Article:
Blood Meridian: Or the Evening Redness in the West by Cormac McCarthy
A fever dream of brutality spreading across Mexico and the Southwest. At times the journey unfolds like a beautiful silent film. Vast impressionistic landscapes, with heaps and heaps of description and details of the debased journey. It crawls with filth. A little long in the tooth however. When the action and dialogue kicks in, Blood Meridian is marvelous. But some overly long descriptive passages combined with the phantasmagorical narrative made me a little antsy and distracted.

Little Big Man by Thomas Berger
If you're like me, you don't like to bail on a book, but unfortunately, that's exactly what I did here. 2 weeks and only 90 pages worth of progress I decided to cut my losses. Not sure if I wasn't digging the book or the book had the misfortune of dropping into my life when I was crazed, frantic, and busy. Not sure if any book would have stood a chance. But that said, after a summer of Sherman Alexie, Bury My Heart at Wounded Knee and an intertribal Pow Wow, I just wasn't feeling this. It seemed like a glimpse into Native culture from an outsider. Granted the early portions of the book are told from the standpoint of a 12 year old boy with a lot of negative pre-conceptions about native culture who is thrown into that world in a severe way. So maybe that's the stylistic of the first chapters and the book would have born fruit had I stuck it out. Maybe I'll revisit.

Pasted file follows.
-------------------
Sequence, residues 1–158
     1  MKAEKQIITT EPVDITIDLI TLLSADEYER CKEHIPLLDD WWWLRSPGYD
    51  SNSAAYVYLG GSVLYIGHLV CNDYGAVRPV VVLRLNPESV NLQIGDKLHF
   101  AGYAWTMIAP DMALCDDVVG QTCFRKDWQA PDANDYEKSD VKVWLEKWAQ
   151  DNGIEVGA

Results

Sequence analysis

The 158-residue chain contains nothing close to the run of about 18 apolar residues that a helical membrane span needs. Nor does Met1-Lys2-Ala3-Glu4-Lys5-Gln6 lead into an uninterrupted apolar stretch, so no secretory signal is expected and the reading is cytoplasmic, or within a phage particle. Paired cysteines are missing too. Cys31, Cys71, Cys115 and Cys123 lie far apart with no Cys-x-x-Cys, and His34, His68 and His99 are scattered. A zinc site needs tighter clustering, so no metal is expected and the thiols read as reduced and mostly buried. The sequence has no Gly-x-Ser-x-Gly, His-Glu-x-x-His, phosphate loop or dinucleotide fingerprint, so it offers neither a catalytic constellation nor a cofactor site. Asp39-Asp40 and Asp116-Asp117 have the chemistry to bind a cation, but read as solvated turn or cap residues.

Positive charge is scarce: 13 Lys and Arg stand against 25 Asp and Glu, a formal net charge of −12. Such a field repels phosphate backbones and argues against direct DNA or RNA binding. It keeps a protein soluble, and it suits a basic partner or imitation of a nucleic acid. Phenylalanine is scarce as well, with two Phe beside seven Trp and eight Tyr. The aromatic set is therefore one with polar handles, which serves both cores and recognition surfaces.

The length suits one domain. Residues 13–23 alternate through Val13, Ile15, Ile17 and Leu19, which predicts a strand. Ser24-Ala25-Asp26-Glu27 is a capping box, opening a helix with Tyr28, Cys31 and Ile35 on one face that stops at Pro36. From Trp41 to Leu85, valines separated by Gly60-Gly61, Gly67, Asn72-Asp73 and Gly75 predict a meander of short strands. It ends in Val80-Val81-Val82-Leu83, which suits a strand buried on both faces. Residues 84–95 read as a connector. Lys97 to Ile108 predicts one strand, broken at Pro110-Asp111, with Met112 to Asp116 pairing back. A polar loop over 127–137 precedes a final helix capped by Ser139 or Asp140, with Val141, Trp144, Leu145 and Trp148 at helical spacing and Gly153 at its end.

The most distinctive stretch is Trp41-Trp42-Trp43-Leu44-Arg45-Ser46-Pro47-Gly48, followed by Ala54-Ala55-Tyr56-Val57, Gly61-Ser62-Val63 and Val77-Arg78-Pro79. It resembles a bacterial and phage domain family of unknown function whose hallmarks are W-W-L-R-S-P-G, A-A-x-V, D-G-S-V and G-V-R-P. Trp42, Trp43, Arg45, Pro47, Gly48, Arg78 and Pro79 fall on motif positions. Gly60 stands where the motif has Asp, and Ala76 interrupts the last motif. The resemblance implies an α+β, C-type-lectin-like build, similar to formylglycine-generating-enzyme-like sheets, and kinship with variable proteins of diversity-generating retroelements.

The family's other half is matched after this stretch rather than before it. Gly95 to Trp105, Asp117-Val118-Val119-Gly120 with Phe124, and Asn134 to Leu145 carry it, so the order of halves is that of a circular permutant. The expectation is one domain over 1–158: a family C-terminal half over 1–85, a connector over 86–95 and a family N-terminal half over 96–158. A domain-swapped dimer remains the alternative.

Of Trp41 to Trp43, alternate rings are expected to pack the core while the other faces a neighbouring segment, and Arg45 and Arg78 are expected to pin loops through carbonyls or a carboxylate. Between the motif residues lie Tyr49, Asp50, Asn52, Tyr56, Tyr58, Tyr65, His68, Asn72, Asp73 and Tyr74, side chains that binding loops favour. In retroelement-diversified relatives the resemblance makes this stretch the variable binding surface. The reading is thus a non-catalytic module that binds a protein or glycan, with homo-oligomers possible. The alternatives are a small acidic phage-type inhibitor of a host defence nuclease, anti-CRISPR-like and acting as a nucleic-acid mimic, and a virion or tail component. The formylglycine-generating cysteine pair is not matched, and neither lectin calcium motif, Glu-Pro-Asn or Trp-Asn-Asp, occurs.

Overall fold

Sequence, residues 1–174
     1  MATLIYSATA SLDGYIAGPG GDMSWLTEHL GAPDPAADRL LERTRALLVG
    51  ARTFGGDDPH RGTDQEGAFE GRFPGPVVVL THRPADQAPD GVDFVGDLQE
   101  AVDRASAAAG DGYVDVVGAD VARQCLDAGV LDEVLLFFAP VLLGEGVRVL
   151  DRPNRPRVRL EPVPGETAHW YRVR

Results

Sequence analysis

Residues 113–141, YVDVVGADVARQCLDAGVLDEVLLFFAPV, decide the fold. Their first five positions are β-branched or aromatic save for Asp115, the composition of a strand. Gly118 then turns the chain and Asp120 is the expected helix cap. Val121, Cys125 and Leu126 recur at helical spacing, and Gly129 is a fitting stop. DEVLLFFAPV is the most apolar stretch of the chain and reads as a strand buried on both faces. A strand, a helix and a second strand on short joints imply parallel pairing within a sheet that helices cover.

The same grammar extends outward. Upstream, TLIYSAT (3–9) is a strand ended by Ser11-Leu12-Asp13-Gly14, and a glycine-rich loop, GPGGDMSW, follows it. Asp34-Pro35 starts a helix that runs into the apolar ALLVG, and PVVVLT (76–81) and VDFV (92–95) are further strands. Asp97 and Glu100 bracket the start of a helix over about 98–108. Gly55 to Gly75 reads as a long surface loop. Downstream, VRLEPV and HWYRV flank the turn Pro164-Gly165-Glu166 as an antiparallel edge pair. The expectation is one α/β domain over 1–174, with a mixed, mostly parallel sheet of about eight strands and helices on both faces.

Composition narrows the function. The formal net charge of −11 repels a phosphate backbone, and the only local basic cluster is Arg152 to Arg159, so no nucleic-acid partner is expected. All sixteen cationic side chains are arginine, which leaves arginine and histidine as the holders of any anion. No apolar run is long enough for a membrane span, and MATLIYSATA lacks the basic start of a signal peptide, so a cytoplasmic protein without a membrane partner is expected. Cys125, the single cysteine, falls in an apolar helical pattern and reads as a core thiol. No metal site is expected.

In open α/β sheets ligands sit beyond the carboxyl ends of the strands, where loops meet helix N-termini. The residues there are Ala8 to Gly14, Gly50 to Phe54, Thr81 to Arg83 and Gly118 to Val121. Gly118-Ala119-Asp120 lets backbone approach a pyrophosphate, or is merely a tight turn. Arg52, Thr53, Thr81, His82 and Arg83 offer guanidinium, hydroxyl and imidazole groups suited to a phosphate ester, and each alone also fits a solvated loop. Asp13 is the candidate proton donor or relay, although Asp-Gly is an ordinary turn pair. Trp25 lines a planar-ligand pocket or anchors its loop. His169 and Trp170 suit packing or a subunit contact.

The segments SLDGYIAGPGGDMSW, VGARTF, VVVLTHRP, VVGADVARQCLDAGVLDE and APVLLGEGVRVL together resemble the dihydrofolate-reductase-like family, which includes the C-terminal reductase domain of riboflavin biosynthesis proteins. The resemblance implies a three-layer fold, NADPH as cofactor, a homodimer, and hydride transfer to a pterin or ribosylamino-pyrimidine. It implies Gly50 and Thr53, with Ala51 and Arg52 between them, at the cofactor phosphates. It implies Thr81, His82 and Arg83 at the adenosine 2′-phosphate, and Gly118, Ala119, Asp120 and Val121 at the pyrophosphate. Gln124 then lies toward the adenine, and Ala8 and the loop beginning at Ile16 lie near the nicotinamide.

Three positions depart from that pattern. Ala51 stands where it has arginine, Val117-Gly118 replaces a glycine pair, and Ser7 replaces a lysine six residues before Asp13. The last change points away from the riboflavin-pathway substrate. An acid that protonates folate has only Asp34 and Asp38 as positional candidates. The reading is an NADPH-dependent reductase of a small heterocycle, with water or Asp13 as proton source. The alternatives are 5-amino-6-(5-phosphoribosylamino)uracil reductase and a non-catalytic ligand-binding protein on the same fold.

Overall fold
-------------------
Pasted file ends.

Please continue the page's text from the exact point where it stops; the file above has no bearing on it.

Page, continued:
Thursday, December 18, 2008

Omen On My Shoulder

My good friend Becky Haycox has an awesome blog called Hamblog. You should check it out. This month she has a groovy Advent Calendar going with holiday-ish offerings from all her friends. She posted a story from me today. If you have a minute check it out. If you have two minutes, check out all the offerings. Good stuff.

Here's how my offering is described. "Today’s Hambox Advent Calendar Window: December 18, 2008 — Avian Omen! Danny Plotnick recounts the fateful day that a New Year’s miracle flew into his family’s life, and out just as fast. Not to mention an appearance by the ever-trembling Hanukah Guinea Pig!"

To get to my post, go to the advent calendar and click on the number 18 (since my entry occurred on the 18th). Here's the link.

Thursday, December 11, 2008

Hit It & Quit It: My Week at My Stereo

Mercury Rev Snowflake Midnight. Wow, was there a worse album made by a band I really like this year? If so, I haven’t heard it. I’m a big Mercury Rev Fan and I think their last album Secret Migration was a real return to form. But this one? The fey, psychedelic-lite is a little too precious for me. Senses On Fire is worth downloading, but outside of that, it’s a syrupy slog. I gave it a couple of spins and was straining through it the second time around.